This is one of Criterion's best Eclipse series. I had never heard of William Klein until recently. The folks at the Sundance Channel had played Klein's film Who Are You, Polly Magoo? a few times, and I really liked what I saw. So I decided to rent the entire series.
William Klein is known for his photography, but during the 1960's, he was an expatriate living in Paris where he made these 3 films, Who Are You, Polly Magoo?, Mr. Freedom, and The Model Couple. Many films from this time period are dated, but these 3 films are still contemporary in their attitudes and are timeless because of Klein's irreverence and excellent mise-en-scene. The best of the bunch is Who Are You, Polly Magoo?. It's a funny, still relevant story of a fashion model being interviewed for a French TV programme that isn't really interested in Polly, just interested in interviewing the "fashion model of the month". There is a lot of funny satire in this film, especially the way Klein satrizes the pretentions of these people and their questionable tastes in "fashion". The framing in this film is especially striking and totally unique, making it one of the best films I've seen in a while.
The 2nd film, Mr. Freedom, has all the trappings of a film that is completely dated. Its central character is literally titled Mr. Freedom, a parody of LBJ and the Vietnam, macho mentality that was especially vivid in the late 60's. But that mentality hasn't really gone away in America, or the world. In fact, many of the lines espoused by Mr. Freedom were said by Bush in the run up to the Iraq War, almost word for word (like "freedom is on the march" and "you're either with us or against us")! Did Bush see Mr. Freedom before his run up to the war? Probably not, but the mentality still exists. Despite Bush being out of the White House, don't think this mentality will ever disappear, here or in the rest of the world. Mr. Freedom has many funny moments, especially a cameo by Jesus and when a son of Mr. Freedom's girlfriend calls him a fascist, and Mr. Freedom's feelings are deeply hurt.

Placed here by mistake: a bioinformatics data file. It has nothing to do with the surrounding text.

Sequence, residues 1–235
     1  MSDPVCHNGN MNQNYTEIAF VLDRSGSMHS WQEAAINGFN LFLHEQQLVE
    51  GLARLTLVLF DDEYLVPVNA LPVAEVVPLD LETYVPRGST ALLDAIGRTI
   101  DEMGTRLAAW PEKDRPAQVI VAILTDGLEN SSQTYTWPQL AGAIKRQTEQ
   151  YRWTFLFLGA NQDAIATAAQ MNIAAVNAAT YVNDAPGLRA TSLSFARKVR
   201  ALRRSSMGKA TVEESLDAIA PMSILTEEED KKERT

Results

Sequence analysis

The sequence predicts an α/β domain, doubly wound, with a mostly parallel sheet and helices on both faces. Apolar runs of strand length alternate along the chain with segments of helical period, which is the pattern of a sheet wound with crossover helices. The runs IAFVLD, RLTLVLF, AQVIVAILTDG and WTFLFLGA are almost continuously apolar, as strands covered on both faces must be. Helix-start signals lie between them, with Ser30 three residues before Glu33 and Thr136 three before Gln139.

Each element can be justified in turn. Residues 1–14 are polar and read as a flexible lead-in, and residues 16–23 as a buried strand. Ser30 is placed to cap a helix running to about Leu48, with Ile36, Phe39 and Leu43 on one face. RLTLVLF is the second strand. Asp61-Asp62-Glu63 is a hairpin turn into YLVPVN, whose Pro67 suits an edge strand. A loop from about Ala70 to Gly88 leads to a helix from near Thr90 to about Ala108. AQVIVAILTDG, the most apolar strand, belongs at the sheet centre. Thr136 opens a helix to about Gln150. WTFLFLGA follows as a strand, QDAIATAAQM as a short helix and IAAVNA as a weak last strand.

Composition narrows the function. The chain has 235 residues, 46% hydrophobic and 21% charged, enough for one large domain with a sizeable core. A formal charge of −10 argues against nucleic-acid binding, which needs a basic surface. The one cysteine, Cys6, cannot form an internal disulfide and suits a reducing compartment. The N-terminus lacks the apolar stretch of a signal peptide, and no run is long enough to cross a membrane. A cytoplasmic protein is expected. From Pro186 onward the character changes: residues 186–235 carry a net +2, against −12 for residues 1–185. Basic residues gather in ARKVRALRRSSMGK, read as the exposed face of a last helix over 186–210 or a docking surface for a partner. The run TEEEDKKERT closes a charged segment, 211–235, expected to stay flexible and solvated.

The 3rd film, The Model Couple, is a Truman Show like satire (though it was made years before that, and is funnier and fresher than The Truman Show) of French TV and the French government attempting to find the "model couple", or, find the best way to reach that model couple as consumers first, human beings second. Naturally, the couple doesn't like being manipulated by the scientists, the producers, and the government, so everyone gets on each others' nerves and a children's "terrorist" organisation ends up taking the model couple hostage (on orders from the scientists/producers) for ratings. The movie even has the air headed TV panel discussing the impact of the show. The film, despite being forty years old, is still provocative and valid.
I was really expecting these 3 films to be products of their time, but I was magnificently surprised when I watched them, and didn't feel that anything was dated about them. They are all immensely watchable and intelligently done. Kudos to Criterion/Eclipse for making these films available.